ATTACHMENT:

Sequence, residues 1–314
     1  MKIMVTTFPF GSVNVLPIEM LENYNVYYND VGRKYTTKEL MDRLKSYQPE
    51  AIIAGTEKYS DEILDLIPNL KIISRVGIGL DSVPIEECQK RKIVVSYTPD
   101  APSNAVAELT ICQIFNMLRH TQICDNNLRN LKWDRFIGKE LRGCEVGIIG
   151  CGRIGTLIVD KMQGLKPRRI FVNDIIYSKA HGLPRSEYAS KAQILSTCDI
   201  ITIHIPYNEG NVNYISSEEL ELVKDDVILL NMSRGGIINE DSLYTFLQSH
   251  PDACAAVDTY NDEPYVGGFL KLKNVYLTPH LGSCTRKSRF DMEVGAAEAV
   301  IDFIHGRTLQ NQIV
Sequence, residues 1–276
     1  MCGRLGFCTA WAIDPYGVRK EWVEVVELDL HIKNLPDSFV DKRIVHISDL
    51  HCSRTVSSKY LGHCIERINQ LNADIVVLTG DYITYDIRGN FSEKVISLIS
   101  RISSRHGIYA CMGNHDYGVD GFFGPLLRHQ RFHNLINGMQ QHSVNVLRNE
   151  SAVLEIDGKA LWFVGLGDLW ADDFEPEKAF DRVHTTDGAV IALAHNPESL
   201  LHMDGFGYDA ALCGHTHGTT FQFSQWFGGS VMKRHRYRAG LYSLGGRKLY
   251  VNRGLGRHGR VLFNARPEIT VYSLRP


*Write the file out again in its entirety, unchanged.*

Sequence, residues 1–314
     1  MKIMVTTFPF GSVNVLPIEM LENYNVYYND VGRKYTTKEL MDRLKSYQPE
    51  AIIAGTEKYS DEILDLIPNL KIISRVGIGL DSVPIEECQK RKIVVSYTPD
   101  APSNAVAELT ICQIFNMLRH TQICDNNLRN LKWDRFIGKE LRGCEVGIIG
   151  CGRIGTLIVD KMQGLKPRRI FVNDIIYSKA HGLPRSEYAS KAQILSTCDI
   201  ITIHIPYNEG NVNYISSEEL ELVKDDVILL NMSRGGIINE DSLYTFLQSH
   251  PDACAAVDTY NDEPYVGGFL KLKNVYLTPH LGSCTRKSRF DMEVGAAEAV
   301  IDFIHGRTLQ NQIV
Sequence, residues 1–276
     1  MCGRLGFCTA WAIDPYGVRK EWVEVVELDL HIKNLPDSFV DKRIVHISDL
    51  HCSRTVSSKY LGHCIERINQ LNADIVVLTG DYITYDIRGN FSEKVISLIS
   101  RISSRHGIYA CMGNHDYGVD GFFGPLLRHQ RFHNLINGMQ QHSVNVLRNE
   151  SAVLEIDGKA LWFVGLGDLW ADDFEPEKAF DRVHTTDGAV IALAHNPESL
   201  LHMDGFGYDA ALCGHTHGTT FQFSQWFGGS VMKRHRYRAG LYSLGGRKLY
   251  VNRGLGRHGR VLFNARPEIT VYSLRP